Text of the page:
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Golf Swing Drills
And Golf Training Aids

I believe golf swing drills, as golfers typically use them, are a complete waste of time. Is this really a surprise? Most golfers have no clue how to practice so how are drills going to make that better?

Here is the problem—if you're using a drill like hitting off of one leg, swinging with one arm, baseball swings, etc., it is likely that the drill is different enough from your swing that your body won't recognize the drill as being a golf swing movement. In other words, you might as well be fishing! Your body is not going to be directly influenced by these drills! While you shouldn't expect a drill to change your swing, what a drill can do is change your mental image of the swing, which is where a drill's real value lies.

The way to effect swing change is to hit balls on the range with your goal being to transform your mental swing image into your physical swing, assuming you're working with correct swing thoughts. A drill can influence mental swing image, which when combined with proper practice, has the potential to improve your golf swing.

Regarding practice, almost all amateurs go brain dead when they step onto a range. Do I need to say this is bad? Every swing on the range, whether it be a drill, practice swing, or a hitting swing should have a purpose, and therefore requires one hundred percent concentration.

I also believe most training aids are basically ineffective for training a golf swing for the same reason drills are ineffective. However, if approached the same way I suggest you use a drill, then training aids may also be beneficial, assuming they actually fit their purpose and that purpose is valid (a very big "if"). I've never used one, but I think an impact bag, or something similar, is one option that could be good for golfers who throw the clubhead into the ball. One training aid I have used and have recommended is a weighted club. They probably won't help improve swing technique, but they should help strengthen and stretch the muscles you use in your golf swing and they may help your mind get a better idea of tempo and rhythm, which you may be able to transfer to your swing with proper practice. They are also good for warming up before a practice session or a round of golf.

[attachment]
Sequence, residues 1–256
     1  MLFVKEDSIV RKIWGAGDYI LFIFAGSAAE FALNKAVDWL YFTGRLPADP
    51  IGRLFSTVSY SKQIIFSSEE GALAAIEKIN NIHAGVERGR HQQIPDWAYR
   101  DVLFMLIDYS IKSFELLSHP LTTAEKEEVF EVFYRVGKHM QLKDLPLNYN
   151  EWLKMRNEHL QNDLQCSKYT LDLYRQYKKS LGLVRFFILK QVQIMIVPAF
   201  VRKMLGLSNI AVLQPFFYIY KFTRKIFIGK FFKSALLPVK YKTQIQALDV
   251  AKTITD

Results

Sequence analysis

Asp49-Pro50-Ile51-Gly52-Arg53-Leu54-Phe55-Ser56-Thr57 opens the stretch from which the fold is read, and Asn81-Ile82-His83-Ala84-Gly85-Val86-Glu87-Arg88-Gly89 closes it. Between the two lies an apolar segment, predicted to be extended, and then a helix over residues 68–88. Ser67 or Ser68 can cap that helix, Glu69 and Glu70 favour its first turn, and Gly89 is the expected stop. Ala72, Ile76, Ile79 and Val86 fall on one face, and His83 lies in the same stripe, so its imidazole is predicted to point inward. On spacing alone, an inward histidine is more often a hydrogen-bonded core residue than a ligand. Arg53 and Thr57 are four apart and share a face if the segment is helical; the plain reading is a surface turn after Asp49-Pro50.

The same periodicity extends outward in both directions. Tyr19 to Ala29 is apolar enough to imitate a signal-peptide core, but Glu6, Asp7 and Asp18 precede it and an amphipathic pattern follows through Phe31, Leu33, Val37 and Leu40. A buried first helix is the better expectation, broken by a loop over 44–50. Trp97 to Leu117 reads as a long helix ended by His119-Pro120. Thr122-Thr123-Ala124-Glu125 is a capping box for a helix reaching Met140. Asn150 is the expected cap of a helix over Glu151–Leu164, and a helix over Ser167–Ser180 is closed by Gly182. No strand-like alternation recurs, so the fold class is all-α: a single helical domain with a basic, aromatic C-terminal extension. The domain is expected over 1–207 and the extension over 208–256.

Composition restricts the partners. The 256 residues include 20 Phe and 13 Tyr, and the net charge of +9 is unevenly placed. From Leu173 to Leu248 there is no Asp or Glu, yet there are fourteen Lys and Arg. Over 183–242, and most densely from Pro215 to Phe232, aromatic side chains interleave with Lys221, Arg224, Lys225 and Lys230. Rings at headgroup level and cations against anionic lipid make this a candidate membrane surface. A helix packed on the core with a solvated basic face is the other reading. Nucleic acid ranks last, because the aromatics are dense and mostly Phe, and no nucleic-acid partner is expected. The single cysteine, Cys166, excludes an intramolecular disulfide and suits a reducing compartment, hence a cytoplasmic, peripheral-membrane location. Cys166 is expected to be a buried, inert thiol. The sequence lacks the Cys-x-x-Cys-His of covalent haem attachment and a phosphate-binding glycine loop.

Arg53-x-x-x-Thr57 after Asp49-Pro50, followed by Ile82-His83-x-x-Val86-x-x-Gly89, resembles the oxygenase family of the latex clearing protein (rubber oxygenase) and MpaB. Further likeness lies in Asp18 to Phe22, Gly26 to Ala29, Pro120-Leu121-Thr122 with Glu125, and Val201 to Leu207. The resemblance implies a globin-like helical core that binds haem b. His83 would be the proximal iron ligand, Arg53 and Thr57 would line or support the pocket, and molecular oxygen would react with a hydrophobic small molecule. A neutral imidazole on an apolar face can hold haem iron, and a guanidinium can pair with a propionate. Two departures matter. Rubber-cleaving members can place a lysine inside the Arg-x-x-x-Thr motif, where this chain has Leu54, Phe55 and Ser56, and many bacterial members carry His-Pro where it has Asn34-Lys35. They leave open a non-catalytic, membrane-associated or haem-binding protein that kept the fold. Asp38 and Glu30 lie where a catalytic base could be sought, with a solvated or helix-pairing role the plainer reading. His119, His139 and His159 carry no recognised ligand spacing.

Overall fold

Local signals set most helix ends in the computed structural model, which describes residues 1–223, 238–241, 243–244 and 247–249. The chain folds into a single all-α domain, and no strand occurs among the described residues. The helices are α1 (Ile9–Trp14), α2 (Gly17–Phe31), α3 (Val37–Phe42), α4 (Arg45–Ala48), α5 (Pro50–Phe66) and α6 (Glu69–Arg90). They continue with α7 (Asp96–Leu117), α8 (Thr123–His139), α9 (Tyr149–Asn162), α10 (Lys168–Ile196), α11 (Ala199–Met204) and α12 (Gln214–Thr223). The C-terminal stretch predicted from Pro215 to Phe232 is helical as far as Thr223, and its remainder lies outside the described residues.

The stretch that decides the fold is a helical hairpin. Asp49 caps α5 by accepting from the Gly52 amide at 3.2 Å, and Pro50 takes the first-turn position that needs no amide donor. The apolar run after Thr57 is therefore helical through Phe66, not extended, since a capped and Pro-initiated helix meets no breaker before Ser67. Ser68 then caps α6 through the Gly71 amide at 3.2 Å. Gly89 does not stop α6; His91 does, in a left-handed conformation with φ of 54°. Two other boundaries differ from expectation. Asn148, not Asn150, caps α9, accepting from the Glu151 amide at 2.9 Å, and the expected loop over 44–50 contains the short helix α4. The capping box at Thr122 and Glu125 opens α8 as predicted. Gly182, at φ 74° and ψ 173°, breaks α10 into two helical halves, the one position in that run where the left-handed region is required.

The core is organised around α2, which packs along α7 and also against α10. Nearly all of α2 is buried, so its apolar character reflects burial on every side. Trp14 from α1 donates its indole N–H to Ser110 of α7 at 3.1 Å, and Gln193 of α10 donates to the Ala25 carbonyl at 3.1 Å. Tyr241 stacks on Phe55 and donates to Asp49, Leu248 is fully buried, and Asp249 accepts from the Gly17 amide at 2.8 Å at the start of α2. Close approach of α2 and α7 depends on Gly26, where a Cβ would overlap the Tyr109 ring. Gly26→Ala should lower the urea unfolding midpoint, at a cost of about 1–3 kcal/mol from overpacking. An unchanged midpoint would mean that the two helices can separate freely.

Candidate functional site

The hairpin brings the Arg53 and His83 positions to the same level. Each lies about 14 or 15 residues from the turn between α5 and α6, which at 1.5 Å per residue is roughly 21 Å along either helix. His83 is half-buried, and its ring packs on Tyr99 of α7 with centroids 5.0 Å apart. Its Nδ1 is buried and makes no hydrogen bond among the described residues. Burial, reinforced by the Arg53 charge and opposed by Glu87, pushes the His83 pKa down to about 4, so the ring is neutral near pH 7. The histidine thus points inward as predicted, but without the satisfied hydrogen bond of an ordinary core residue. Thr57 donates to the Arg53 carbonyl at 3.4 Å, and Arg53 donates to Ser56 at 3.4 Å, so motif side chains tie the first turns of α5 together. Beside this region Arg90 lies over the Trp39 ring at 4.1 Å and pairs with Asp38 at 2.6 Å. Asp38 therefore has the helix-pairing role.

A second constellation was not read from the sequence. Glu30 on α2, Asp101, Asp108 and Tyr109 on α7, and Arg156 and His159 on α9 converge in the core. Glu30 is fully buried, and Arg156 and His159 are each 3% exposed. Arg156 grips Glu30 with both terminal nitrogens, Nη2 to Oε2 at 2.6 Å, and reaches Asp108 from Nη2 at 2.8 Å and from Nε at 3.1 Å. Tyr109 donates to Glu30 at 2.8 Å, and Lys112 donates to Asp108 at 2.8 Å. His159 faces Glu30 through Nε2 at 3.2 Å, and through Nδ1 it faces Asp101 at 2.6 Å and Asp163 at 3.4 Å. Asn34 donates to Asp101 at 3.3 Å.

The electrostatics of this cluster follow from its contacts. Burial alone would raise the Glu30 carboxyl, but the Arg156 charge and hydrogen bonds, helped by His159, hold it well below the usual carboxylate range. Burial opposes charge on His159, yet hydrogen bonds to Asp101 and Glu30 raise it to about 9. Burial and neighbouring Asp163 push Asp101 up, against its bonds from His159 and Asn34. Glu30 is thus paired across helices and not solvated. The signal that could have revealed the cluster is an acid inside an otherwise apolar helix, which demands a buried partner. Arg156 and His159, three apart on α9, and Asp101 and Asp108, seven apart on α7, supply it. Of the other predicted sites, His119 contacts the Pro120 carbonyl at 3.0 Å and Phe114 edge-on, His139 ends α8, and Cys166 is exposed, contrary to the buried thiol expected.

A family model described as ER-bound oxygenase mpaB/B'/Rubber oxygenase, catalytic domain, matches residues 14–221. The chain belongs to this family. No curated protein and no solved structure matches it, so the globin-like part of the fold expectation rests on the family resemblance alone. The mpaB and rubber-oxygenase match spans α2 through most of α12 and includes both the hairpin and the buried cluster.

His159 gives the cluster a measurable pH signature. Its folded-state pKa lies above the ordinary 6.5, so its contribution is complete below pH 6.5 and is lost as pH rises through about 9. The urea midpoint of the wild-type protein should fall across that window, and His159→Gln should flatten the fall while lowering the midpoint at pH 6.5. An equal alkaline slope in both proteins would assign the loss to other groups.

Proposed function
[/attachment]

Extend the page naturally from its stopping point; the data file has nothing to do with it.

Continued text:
Casey Eberting Golf Instruction
Tulsa / Broken Arrow, Oklahoma

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